October 21, 2018

Monday Morning Memo: European Fund-Flow Trends September 2018

by Detlef Glow.

European investors pulled further away from long-term mutual funds as the market environment and general sentiment stayed negative. As a consequence September was the fifth month in a row posting net outflows from long-term mutual funds after 16 consecutive months showing net inflows. Real estate funds (+€0.8 bn) enjoyed net inflows, while all the other asset types in the segment of long-term mutual funds witnessed net outflows: bond funds (-€8.9 bn), alternative UCITS funds (-€8.0 bn), mixed-asset funds (-€1.9 bn), equity funds (-€1.3 bn), and ”other” funds (-€1.0 bn) as well as commodity funds (-€0.6 bn).

These fund flows added up to overall net outflows of €21.0 bn from long-term investment funds for September. ETFs contributed inflows of €5.6 bn to these flows.

Money Market Products

In this environment even money market products, which are often seen as safe-haven products, witnessed net outflows of €19.5 bn for September. Opposite to their actively managed peers, ETFs investing in money market instruments posted net inflows of €0.3 bn.

This flow pattern led the overall fund flows to mutual funds in Europe to overall net outflows of €40.5 bn for September and to estimated net inflows of €5.9 bn for the year 2018 so far.

Money Market Products by Sector

Money Market GBP (+€0.3 bn) and Money Market NOK (+€0.2 bn) were the best selling money market sectors overall for September, followed by Money Market Other (+€0.2 bn). At the other end of the spectrum Money Market EUR (-€15.2 bn) suffered the highest net outflows overall, bettered by Money Market USD       (-€4.1 bn) and Money Market Global (-€0.5 bn). Comparing this flow pattern with the flow pattern for August showed that European investors slightly rebuilt their positions in the Great Britain pound, while they reduced their positions in the U.S. dollar and the euro. These shifts might have been caused by asset allocation decisions as well as for other reasons such as cash dividends or payments, since money market funds are also used by corporations as replacements for cash accounts.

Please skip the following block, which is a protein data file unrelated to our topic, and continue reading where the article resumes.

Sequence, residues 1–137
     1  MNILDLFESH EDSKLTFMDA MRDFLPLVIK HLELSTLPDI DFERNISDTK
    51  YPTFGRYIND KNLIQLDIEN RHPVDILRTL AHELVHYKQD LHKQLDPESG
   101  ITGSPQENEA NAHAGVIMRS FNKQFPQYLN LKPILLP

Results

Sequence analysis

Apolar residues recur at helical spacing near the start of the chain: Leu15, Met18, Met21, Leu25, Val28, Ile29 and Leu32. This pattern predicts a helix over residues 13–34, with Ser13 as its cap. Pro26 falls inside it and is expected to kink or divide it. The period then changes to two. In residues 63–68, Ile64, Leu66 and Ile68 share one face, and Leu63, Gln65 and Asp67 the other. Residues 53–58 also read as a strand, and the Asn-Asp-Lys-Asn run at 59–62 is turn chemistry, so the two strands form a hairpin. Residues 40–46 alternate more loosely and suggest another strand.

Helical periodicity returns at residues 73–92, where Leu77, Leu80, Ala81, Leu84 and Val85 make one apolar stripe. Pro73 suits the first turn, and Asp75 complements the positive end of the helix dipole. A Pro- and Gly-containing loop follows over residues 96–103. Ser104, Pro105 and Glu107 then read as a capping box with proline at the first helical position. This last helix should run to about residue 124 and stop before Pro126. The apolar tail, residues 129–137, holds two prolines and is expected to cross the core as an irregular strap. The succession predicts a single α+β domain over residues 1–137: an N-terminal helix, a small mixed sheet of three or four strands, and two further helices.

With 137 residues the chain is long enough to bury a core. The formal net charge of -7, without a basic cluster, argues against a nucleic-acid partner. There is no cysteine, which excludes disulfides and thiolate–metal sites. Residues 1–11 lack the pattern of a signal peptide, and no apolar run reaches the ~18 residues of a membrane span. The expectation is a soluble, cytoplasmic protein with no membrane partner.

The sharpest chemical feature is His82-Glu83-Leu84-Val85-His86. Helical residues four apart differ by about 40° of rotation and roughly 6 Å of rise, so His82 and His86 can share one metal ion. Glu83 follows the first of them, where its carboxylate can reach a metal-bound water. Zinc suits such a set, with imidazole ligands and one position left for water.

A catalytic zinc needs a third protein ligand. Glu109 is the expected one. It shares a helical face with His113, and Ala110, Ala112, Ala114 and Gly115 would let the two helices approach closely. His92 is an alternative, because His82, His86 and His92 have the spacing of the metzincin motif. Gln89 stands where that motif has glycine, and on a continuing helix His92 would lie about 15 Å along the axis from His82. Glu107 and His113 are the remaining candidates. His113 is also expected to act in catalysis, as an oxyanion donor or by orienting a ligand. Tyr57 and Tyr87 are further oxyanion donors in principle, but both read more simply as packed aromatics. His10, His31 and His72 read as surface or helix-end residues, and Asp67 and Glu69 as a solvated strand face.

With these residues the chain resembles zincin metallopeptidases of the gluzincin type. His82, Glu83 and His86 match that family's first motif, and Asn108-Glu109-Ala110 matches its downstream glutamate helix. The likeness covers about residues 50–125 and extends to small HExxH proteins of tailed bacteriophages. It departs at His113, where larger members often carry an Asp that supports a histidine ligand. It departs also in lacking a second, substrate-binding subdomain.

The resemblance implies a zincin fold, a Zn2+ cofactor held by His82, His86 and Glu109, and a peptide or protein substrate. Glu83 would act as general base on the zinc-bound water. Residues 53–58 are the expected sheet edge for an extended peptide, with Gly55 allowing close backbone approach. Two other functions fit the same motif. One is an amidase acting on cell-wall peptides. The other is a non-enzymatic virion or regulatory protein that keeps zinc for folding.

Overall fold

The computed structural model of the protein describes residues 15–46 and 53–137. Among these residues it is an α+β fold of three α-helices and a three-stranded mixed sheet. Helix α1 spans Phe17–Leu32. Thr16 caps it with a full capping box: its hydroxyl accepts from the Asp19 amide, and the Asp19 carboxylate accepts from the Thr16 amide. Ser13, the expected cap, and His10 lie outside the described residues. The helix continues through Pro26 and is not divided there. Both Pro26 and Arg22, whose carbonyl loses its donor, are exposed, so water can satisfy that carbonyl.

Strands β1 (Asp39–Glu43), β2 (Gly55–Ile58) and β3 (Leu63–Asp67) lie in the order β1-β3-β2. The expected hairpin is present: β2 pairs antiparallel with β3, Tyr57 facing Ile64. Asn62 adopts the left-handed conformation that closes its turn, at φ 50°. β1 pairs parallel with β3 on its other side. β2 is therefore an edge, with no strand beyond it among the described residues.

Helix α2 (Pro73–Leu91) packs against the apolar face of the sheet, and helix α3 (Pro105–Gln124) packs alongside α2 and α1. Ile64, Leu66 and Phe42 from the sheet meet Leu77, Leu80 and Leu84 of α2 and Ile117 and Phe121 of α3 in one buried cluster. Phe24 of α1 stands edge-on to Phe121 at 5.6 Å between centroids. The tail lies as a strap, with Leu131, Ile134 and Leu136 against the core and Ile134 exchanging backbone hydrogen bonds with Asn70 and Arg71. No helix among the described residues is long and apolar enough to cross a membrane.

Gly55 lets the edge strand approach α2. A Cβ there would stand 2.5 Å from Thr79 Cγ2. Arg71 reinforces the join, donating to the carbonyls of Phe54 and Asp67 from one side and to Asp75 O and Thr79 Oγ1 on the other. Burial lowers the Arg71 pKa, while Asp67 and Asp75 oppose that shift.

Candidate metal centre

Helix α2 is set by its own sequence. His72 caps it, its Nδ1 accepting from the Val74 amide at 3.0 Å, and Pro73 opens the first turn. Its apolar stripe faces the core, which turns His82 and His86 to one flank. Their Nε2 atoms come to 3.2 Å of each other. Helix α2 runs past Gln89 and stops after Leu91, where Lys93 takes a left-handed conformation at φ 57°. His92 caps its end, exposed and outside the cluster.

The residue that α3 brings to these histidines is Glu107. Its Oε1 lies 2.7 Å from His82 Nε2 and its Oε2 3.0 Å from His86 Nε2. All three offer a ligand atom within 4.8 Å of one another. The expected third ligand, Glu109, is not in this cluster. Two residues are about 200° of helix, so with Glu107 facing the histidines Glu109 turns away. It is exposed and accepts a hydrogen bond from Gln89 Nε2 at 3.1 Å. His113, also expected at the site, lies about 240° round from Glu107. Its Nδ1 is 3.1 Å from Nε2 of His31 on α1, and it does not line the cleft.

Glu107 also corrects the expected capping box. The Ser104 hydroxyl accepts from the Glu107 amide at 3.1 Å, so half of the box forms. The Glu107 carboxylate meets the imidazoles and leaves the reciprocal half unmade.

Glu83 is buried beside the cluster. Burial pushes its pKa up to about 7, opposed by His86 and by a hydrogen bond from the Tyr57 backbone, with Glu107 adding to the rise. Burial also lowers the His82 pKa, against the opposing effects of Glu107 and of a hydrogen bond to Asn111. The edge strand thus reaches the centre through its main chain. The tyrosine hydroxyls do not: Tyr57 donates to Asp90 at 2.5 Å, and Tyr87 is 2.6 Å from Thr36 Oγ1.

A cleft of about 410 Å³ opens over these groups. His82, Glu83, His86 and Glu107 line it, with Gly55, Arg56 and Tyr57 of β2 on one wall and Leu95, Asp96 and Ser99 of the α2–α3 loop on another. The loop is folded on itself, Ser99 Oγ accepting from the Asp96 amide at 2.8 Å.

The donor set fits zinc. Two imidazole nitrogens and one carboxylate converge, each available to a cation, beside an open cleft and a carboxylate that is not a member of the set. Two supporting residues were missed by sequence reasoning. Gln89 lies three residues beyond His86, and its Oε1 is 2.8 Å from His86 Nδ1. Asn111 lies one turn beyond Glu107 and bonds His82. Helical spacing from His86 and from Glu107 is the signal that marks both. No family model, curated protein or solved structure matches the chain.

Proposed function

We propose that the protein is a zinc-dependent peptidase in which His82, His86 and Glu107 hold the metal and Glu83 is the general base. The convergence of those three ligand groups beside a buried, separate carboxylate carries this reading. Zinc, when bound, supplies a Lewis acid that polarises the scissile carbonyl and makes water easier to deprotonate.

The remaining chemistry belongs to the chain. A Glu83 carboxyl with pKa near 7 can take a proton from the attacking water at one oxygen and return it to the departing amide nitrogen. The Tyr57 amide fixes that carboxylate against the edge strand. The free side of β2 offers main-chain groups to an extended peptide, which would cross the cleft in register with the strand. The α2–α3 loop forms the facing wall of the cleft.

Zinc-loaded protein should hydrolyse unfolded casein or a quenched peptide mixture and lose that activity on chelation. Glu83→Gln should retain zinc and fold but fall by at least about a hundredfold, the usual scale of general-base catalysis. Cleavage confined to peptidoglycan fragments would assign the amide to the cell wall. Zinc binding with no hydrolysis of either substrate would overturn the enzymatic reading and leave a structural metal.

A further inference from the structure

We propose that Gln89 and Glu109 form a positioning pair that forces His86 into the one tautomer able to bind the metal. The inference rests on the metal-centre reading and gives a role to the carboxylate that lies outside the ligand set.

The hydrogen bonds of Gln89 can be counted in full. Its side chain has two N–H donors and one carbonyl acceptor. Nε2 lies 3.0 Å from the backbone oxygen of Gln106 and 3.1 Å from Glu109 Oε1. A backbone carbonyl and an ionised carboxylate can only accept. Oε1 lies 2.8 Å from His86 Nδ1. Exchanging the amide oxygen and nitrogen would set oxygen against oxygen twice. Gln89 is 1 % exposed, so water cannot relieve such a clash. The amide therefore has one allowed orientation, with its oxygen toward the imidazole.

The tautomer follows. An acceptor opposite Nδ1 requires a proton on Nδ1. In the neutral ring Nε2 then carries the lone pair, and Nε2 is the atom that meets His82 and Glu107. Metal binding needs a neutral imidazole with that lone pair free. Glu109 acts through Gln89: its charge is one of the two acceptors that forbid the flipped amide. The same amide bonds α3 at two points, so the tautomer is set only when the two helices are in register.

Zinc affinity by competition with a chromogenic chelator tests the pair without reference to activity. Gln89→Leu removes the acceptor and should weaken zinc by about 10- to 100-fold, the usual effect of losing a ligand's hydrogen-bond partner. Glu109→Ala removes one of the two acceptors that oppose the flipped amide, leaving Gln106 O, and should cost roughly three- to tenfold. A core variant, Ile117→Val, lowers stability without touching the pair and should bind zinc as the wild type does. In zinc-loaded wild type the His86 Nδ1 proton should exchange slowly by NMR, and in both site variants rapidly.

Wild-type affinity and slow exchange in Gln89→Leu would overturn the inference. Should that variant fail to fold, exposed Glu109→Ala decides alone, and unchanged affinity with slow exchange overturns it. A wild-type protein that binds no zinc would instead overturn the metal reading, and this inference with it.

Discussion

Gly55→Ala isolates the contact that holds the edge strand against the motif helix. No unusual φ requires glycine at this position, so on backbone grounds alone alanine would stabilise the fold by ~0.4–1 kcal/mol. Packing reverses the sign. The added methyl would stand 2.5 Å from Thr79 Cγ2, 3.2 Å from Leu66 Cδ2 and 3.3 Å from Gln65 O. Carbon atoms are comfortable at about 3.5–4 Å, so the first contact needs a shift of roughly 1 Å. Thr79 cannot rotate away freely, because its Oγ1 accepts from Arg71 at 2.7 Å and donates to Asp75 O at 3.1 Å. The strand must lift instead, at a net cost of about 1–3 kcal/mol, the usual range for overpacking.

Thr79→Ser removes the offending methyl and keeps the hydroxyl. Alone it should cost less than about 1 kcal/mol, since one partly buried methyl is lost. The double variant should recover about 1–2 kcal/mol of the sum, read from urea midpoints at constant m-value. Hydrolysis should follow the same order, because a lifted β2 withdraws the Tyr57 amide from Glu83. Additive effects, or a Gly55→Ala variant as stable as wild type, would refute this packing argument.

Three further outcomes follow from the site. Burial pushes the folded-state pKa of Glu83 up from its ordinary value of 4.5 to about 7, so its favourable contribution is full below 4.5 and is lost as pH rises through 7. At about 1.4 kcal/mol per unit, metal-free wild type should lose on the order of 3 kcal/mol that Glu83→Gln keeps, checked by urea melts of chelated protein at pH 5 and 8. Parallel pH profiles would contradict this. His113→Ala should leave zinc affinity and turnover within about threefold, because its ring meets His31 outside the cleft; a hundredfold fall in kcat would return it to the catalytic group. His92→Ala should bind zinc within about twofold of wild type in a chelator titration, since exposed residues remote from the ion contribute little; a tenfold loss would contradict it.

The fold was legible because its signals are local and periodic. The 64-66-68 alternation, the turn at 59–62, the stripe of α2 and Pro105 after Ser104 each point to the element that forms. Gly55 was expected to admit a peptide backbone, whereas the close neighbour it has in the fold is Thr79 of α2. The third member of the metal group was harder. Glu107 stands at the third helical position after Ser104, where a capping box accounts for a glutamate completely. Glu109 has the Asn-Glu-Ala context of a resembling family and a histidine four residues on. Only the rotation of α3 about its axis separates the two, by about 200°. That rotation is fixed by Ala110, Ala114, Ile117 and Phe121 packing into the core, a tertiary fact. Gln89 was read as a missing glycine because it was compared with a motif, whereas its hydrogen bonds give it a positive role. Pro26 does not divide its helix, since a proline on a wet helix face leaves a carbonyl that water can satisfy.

Graph 1: Estimated Net Sales by Asset Type, September 2018 (Euro Billions)

European Fund Flow Report September 2018

Source:  Lipper

Fund Flows by Sectors

Within the segment of long-term mutual funds Equity Global (+€3.3 bn) was the best selling sector, followed by Mixed-Asset USD Balanced-US (+€1.4 bn). Bond USD High Yield (+€1.1 bn) was the third best selling sector, followed by Bond Emerging Markets in Hard Currencies (+€1.0 bn) and Equity US (+€1.0 bn).

Graph 2: Ten Top Sectors, September 2018 (Euro Billions)

European Fund Flow Report September 2018

Source:  Lipper

At the other end of the spectrum Bond EUR Short Term (-€2.6 bn) suffered the highest net outflows from long-term mutual funds, bettered by Absolute Return Euro Low (-€2.4 bn) and Equity Europe (-€2.2 bn) as well as Equity Emerging Markets Global (-€2.0 bn) and Bond Global (-€1.7 bn).

Graph 3: Ten Bottom Sectors, September 2018 (Euro Billions)

European Fund Flow Report September 2018

Source:  Lipper

Fund Flows by Markets (Fund Domiciles)

Single fund domicile flows (including those to money market products) showed in general a negative picture for September, with only 10 of the 34 markets covered in this report showing net inflows and 24 showing net outflows. The United Kingdom (+€2.0 bn) was the fund domicile with the highest net inflows, followed by Switzerland (+€1.1 bn), Norway (+€0.4 bn), Guernsey (+€0.1 bn), and Andorra (+€0.1 bn). On the other side of the table was France (-€17.5 bn)—driven by outflows from money market funds (-€15.1 bn), which was bettered somewhat by Luxembourg (-€17.1 bn) and Ireland (-€2.6 bn).